MRC Functional Genomics Unit, University of Oxford, Oxford, United Kingdom
    Competing interests
    No competing interests declared.
    ORCID icon "This ORCID iD identifies the author of this article:" 0000-0001-5174-8092
  15. Chris P Ponting

    MRC Human Genetics Unit, Institute of Genetics and Molecular Medicine, University of Edinburgh, Edinburgh, United Kingdom
    For correspondence
    Chris.Ponting@igmm.ed.ac.uk
    Competing interests
    Chris P Ponting, Reviewing editor, eLife.
    ORCID icon "This ORCID iD identifies the author of this article:" 0000-0003-0202-7816

Funding

Wellcome (WT106956/Z/15/Z)

  • Tamara M Sirey
  • Oscar Bedoya-Reina
  • Sebastian Rogatti-Granados
  • Chris P Ponting

European Research Council (249869)

  • Tamara M Sirey
  • Kenny Roberts
  • Ana Claudia Marques
  • Chris P Ponting

Wellcome (WT100981/z/13/z)

  • Roderick N Carter
  • Nicholas M Morton

Medical Research Council

  • Wilfried Haerty
  • Chris P Ponting

Diabetes UK

  • Lisa C Heather

The funders had no role in study design, data collection and interpretation, or the decision to submit the work for publication.

Reviewing Editor

  1. Detlef Weigel, Max Planck Institute for Developmental Biology, Germany

Version history

  1. Received: January 10, 2019
  2. Accepted: May 2, 2019
  3. Accepted Manuscript published: May 2, 2019 (version 1)
  4. Version of Record published: May 30, 2019 (version 2)
  5. Version of Record updated: August 12, 2019 (version 3)

Copyright

© 2019, Sirey et al.

This article is distributed under the terms of the Creative Commons Attribution License permitting unrestricted use and redistribution provided that the original author and source are credited.

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  1. Tamara M Sirey
  2. Kenny Roberts
  3. Wilfried Haerty
  4. Oscar Bedoya-Reina
  5. Sebastian Rogatti-Granados
  6. Jennifer Y Tan
  7. Nick Li
  8. Lisa C Heather
  9. Roderick N Carter
  10. Sarah Cooper
  11. Andrew J Finch
  12. Jimi Wills
  13. Nicholas M Morton
  14. Ana Claudia Marques
  15. Chris P Ponting
(2019)
The long non-coding RNA Cerox1 is a post transcriptional regulator of mitochondrial complex I catalytic activity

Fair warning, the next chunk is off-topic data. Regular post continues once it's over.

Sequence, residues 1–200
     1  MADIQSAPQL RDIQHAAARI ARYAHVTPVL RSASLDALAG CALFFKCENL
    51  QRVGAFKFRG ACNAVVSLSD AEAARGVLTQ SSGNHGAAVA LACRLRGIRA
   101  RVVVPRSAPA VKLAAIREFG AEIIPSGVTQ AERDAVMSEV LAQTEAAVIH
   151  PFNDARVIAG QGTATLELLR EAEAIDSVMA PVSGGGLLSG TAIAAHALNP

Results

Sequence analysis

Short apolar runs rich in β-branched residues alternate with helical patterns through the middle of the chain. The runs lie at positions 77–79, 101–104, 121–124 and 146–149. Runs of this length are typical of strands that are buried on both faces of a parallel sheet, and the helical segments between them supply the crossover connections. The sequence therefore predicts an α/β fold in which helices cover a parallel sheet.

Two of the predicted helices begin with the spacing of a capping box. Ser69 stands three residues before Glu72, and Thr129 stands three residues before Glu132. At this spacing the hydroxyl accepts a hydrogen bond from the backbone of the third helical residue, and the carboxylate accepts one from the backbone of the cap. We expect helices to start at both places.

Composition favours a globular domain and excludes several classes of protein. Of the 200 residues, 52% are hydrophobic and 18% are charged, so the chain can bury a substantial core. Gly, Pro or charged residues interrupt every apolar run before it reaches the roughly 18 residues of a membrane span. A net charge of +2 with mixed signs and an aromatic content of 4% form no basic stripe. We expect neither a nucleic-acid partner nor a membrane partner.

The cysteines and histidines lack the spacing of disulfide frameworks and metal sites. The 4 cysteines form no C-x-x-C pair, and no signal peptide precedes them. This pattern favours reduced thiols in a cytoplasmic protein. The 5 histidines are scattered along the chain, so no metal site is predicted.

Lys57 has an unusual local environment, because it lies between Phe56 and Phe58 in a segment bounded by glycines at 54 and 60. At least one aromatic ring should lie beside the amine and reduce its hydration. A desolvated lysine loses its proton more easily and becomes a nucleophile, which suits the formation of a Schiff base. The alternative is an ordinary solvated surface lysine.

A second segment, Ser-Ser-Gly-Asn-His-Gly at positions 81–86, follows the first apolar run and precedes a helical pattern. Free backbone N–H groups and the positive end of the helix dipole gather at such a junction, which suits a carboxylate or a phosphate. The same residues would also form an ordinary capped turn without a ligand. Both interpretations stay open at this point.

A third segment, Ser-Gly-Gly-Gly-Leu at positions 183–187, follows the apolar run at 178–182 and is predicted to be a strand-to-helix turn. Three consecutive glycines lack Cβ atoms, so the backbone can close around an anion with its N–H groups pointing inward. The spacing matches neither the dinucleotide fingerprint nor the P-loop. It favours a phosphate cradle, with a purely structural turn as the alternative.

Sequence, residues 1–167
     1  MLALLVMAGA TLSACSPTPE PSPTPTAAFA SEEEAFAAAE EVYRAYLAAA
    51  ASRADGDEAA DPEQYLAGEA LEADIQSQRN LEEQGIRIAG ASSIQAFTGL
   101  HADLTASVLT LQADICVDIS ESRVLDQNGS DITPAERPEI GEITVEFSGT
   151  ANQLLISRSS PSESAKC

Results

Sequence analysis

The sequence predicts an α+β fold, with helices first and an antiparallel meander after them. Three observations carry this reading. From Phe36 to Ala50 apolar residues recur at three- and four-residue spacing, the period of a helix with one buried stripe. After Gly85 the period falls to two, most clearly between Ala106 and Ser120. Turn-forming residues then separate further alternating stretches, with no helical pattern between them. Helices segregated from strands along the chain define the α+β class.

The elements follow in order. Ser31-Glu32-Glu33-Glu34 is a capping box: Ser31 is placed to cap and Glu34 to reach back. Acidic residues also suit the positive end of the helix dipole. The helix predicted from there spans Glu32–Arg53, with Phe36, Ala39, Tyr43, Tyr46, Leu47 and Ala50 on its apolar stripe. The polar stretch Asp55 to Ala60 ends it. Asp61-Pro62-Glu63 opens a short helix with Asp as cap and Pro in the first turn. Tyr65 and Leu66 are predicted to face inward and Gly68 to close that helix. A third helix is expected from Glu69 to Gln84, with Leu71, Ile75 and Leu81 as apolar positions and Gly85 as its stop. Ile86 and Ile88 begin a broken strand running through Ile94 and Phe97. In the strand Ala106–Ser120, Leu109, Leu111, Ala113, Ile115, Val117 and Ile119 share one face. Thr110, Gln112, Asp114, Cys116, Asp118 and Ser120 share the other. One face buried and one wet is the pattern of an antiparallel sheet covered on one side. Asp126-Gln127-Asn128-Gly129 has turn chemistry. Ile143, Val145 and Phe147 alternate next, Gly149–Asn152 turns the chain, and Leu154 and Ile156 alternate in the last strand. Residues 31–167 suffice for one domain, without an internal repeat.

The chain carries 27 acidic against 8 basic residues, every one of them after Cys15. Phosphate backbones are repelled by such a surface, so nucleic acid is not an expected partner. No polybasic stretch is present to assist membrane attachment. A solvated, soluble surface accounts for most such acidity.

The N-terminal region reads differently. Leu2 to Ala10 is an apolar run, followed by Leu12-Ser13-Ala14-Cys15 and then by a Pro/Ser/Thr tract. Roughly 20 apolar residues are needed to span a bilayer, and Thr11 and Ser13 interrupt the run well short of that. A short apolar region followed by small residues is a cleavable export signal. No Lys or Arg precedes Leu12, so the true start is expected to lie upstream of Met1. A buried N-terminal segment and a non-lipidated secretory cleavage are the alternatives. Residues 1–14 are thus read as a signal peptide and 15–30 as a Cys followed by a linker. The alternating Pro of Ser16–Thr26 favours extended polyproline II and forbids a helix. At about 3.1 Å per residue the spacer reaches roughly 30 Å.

eLife 8:e45051.
https://doi.org/10.7554/eLife.45051

Share this article

https://doi.org/10.7554/eLife.45051

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    Type 2 diabetes (T2D) is associated with higher fracture risk, despite normal or high bone mineral density. We reported that bone formation genes (SOST and RUNX2) and advanced glycation end-products (AGEs) were impaired in T2D. We investigated Wnt signaling regulation and its association with AGEs accumulation and bone strength in T2D from bone tissue of 15 T2D and 21 non-diabetic postmenopausal women undergoing hip arthroplasty. Bone histomorphometry revealed a trend of low mineralized volume in T2D (T2D 0.249% [0.156–0.366]) vs non-diabetic subjects 0.352% [0.269–0.454]; p=0.053, as well as reduced bone strength (T2D 21.60 MPa [13.46–30.10] vs non-diabetic subjects 76.24 MPa [26.81–132.9]; p=0.002). We also showed that gene expression of Wnt agonists LEF-1 (p=0.0136) and WNT10B (p=0.0302) were lower in T2D. Conversely, gene expression of WNT5A (p=0.0232), SOST (p<0.0001), and GSK3B (p=0.0456) were higher, while collagen (COL1A1) was lower in T2D (p=0.0482). AGEs content was associated with SOST and WNT5A (r=0.9231, p<0.0001; r=0.6751, p=0.0322), but inversely correlated with LEF-1 and COL1A1 (r=–0.7500, p=0.0255; r=–0.9762, p=0.0004). SOST was associated with glycemic control and disease duration (r=0.4846, p=0.0043; r=0.7107, p=0.00174), whereas WNT5A and GSK3B were only correlated with glycemic control (r=0.5589, p=0.0037; r=0.4901, p=0.0051). Finally, Young’s modulus was negatively correlated with SOST (r=−0.5675, p=0.0011), AXIN2 (r=−0.5523, p=0.0042), and SFRP5 (r=−0.4442, p=0.0437), while positively correlated with LEF-1 (r=0.4116, p=0.0295) and WNT10B (r=0.6697, p=0.0001). These findings suggest that Wnt signaling and AGEs could be the main determinants of bone fragility in T2D.